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A.2 Tolerance & Pancake Story

To begin making our definition of “limit” from the preceding Topic more precise, on this screen we will introduce the notion of “tolerance,” or “error,” in the output of a process, and introduce a way to visualize the connection between an allowable tolerance and the associated difference in inputs.

Recall that working definition of “limit”:

The limit of the function $f(x)$ as x approaches a, written

\[\lim_{x \to a} f(x) = L\]

is a number L (if one exists) such that $f(x)$ is as close to L as we want
whenever x is sufficiently close to a.

As we noted, the words “as close to” and “sufficiently close” are not precise. Let’s dive in a little deeper and think first about what it means for $f(x)$ to be “as close to L as we want.”

Manufacturing specs always specify an allowable ‘tolerance’
While you are probably not used to thinking about a function’s input or output being “close to” one value or another in a math class, you are used to such thinking in some everyday contexts. For instance, any item that is manufactured inevitably has a bit of “error” in its production. For this reason, if the part will become part of a larger product, typically the design team specifies both the desired “correct size” of the part, along with the allowable tolerance that specifies the allowable error. The size of that tolerance depends on how the part will be used: for example, while a bolt used as part of a newly-built house may need to be within only ±0.1 cm of a stated 1.0-cm length, a bolt used as part of a SpaceX Falcon Rocket may need to be manufactured to within the narrow range of $1.0000 \pm 0.0001$ cm.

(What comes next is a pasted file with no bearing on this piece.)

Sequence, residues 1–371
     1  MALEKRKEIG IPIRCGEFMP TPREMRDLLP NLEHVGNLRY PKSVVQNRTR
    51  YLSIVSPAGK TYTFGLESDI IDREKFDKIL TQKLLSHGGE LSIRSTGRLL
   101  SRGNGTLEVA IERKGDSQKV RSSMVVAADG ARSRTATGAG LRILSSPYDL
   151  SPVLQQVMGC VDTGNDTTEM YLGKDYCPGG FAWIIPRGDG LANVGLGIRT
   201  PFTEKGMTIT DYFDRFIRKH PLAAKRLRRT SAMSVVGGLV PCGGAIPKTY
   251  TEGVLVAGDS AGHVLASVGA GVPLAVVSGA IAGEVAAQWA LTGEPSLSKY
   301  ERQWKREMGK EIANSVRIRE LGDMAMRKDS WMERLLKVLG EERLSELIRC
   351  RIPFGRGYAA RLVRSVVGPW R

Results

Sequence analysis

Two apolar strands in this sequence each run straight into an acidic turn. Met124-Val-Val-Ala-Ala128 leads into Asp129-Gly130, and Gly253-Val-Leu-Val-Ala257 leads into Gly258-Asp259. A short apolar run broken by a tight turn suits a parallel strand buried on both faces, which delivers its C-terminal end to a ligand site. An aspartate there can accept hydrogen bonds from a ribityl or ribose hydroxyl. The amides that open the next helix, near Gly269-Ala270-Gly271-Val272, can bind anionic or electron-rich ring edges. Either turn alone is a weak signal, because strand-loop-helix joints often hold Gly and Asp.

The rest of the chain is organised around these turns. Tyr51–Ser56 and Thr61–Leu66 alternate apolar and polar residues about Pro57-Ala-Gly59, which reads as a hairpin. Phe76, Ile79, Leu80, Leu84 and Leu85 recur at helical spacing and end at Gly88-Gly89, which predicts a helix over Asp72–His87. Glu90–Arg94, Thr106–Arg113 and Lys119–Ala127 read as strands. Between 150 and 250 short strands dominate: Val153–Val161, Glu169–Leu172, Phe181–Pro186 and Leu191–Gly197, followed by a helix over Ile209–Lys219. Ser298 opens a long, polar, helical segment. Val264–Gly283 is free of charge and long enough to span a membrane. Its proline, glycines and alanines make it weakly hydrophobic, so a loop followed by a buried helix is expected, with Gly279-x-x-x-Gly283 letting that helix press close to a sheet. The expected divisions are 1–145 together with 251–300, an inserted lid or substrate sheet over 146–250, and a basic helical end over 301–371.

Pancakes and tolerance
To explore these ideas more deeply, we’re going to use what we hope is a more familiar everyday context: making pancakes. We know that this scenario is a little goofy, and the data we’re going to present in the scenario are completely idealized and ignore many real-world factors. But previous students who have worked through similar materials developed a solid and necessary understanding of super-critical ideas [Ref], and so we’re using this simple scenario to lay a good foundation for our crucial work ahead.


Before we leave the pancake scenario, let’s introduce a little notation that will make it easier for us to link the groundwork we laid here with the work that is to come.

Specifically, imagine that your boss tells you that it’s too many words to say, “Today the tolerance on your pancake size is ± 1/2 inch.” Instead he’s going to give you a single number called epsilon (written $\epsilon$, the lower-case Greek letter “e”), and say “Today your $\epsilon$ = 1/2 inch,” and you have to take it from there. He’s chosen epsilon, $\epsilon,$ because (1) he’s Greek and (2) this value represents the allowable error in your pancake size.

$\epsilon$: allowable output error.
$\delta$: difference in input value.
Furthermore, he expects you to then report back how precisely you must pour your batter to be within his tolerance $\epsilon.$ And he wants to hear back just a single number of tablespoons you can be “off by” in your pouring, signified by lower-case delta ($\delta$, the lower-case Greek letter “d”). For example, when he set $\epsilon$ = 1/2 inch, you determined that you must pour within $\delta$ = 1 tablespoon of 14 tablespoons. He’s chosen $\delta$ because (1) he’s still Greek and (2) this value is the maximum difference you can have between the the amount of batter you pour and the ideal 14 tablespoons.